.)Aside from Omaid’s much too premature death, there are several things noteworthy about the attack:
First, it once again highlights the problems in a war in which government sites are targeted that are located nearby civilian sites and the insurgency is quite willing to accept civilian deaths in order to strike against such targets.
Out of a total of seven suicide bombs on Thursday, one hit the deputy governor’s office compound, which is next door to the provincial hospital in Tirinkot. As described in the already quoted New York Times report this ‘bomb collapsed the hospital wall on top of women and children in the ward.’ Incidentally this very women’s hospital ward had been newly built by the Australian Reconstruction Task Force only three years prior, in 2008. Another achievement spoilt.
A second bomb hit the building of Radio Television Afghanistan (RTA). According to the insurgents, they only stormed the building in order to be able to launch an attack at the neighbouring compound of Matiullah (his uncle Jan Mohammad Khan was killed a week ago in Kabul by suicide bombers in his Kabul house) who provides the security for the Tirinkot-Kandahar highway. While Matiullah remained unharmed, Omaid was not so lucky; he was shot anywhere between 11 to 20 times according to different news accounts.
Secondly, rumours spreading in Tirinkot around how Omaid died highlight the problems of ‘collateral damage’ in a dirty war. While the Taleban claimed responsibility for the attack, they interestingly enough made an effort in pointing out that they did not kill the young journalist, but blamed the Afghan National Police. It is unclear if this is simply a PR move to discredit the already damaged government, or possibly true, as accidental killings of civilians in confused situations are not uncommon.
Some reports traded in Tirinkot have it that that Omaid was shot 17 times from a helicopter – the only helicopter on the scene was a NATO helicopter, which had come to support Afghan National Security Forces (ANSF). Others say he was shot by foreign forces who surrounded the explosion site. (There are reports of US soldiers being evacuated by Australian military.) Either way people seem to be convinced that foreign forces and not the insurgents or ANSF were to blame. The argument of locals centres around Omaid being fairly well-known in Tirinkot, including by the police, as he was daily on TV. When ISAF/NATO was asked about the incident they could neither confirm nor deny (but promised they would look into it), yet pointed to a press statement of the provincial governor’s office which seemed to hold insurgents responsible for Omaid’s death.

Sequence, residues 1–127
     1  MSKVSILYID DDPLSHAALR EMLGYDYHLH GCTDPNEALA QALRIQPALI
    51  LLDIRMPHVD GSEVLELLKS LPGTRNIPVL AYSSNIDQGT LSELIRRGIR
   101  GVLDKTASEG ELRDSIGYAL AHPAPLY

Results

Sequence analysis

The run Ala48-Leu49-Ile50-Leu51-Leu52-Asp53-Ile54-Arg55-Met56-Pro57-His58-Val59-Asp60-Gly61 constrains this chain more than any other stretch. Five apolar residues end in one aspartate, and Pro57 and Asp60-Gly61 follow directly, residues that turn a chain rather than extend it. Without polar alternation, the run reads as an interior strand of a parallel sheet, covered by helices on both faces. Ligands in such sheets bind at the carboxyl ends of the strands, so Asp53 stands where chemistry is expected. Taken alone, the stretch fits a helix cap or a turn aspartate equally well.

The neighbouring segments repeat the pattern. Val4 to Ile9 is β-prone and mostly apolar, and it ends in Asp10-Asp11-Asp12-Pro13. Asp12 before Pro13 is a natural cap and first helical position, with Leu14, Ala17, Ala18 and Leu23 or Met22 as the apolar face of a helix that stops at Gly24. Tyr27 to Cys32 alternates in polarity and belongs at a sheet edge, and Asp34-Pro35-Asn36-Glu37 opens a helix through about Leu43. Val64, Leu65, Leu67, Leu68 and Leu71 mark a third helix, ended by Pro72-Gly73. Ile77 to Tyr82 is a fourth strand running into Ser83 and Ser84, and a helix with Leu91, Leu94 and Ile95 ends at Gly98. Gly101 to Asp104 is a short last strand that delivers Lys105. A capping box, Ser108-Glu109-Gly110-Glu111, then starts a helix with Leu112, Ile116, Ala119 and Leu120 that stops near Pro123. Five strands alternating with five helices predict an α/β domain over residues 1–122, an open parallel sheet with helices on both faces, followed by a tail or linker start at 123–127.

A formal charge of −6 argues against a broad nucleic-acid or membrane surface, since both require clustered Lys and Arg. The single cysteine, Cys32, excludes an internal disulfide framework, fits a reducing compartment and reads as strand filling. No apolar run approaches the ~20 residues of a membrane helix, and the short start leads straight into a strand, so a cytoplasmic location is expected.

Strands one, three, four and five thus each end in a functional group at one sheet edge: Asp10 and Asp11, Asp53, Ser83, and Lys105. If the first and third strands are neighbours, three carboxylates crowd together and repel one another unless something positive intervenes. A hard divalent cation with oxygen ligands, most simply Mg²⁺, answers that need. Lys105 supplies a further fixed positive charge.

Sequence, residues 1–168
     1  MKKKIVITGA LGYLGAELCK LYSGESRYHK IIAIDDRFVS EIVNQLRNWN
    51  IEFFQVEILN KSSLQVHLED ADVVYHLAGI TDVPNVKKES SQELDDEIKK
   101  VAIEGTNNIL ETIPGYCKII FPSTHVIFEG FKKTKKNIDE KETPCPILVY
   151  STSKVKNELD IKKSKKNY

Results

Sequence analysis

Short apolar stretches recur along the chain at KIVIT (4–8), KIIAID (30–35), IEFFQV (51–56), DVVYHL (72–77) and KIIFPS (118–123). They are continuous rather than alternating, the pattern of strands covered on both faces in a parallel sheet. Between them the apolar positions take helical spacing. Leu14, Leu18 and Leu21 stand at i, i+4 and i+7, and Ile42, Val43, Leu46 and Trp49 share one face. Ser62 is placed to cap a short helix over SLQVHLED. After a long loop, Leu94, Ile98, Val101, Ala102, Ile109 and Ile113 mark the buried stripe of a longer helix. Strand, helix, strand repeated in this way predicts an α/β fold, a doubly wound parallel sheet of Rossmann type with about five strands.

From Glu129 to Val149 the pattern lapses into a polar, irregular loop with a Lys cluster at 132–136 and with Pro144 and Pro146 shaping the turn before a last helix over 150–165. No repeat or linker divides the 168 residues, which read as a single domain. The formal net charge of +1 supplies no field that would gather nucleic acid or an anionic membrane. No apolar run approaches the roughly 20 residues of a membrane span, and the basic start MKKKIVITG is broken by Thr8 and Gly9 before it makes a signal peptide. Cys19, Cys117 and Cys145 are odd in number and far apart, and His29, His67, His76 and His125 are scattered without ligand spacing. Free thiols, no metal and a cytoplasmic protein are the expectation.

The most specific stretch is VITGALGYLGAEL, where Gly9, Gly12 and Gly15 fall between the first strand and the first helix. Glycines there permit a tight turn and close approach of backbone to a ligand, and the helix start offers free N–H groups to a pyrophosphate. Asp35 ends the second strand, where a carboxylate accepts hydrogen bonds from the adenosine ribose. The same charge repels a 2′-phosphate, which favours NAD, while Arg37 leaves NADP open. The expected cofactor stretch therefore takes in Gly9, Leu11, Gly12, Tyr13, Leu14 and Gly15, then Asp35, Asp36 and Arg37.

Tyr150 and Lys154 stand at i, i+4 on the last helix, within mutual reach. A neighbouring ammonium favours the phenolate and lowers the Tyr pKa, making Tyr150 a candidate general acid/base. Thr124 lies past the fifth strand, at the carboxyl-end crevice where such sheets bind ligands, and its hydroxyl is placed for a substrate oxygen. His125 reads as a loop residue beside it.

So, while we may never know how exactly Omaid got shot, it is cannot be excluded that he was victim of so-called ‘friendly fire’.
Thirdly, and following from above, there is the question about the credibility of international actors in the Afghan war, and whether or not they are here for the protection of the Afghan population—as they always underline. When the NATO helicopters first emerged on the skies above Tirinkot on Thursday, the TLO guards muttered to one another that ‘now the internationals are coming to kill the rest of the ANSF that the insurgents did not manage to kill,’ laughing bitterly (this alone may explain why so many seem to think Omaid was also killed by international military). It illustrates that in Uruzgan, the internationals are neither seen as protecting nor really caring about the local population. This was somewhat echoed by the new chief of police when I interviewed him in early July. I asked him what for him the biggest difference was to having worked in Kandahar, and he noted that he felt more supported by international military forces there. He said that in Kandahar, three ISAF battalions were working in the city and 17 in the province, and that there was only one battalion for all of Uruzgan, mostly focussing on the provincial centre.
Finally, as noted above, the events in Tirinkot put into question the entire issue of transition and the ability of ANSF to provide protection from the insurgency. While the Taleban have made it one of their conditions for ‘talks’ that all foreign forces leave Afghanistan, they are certainly showing that ANSF are not yet ready to defend their own country on their own. That being said, the presence of the PRT did not prevent the complex attack from happening nor was it able to provide protection for those who died.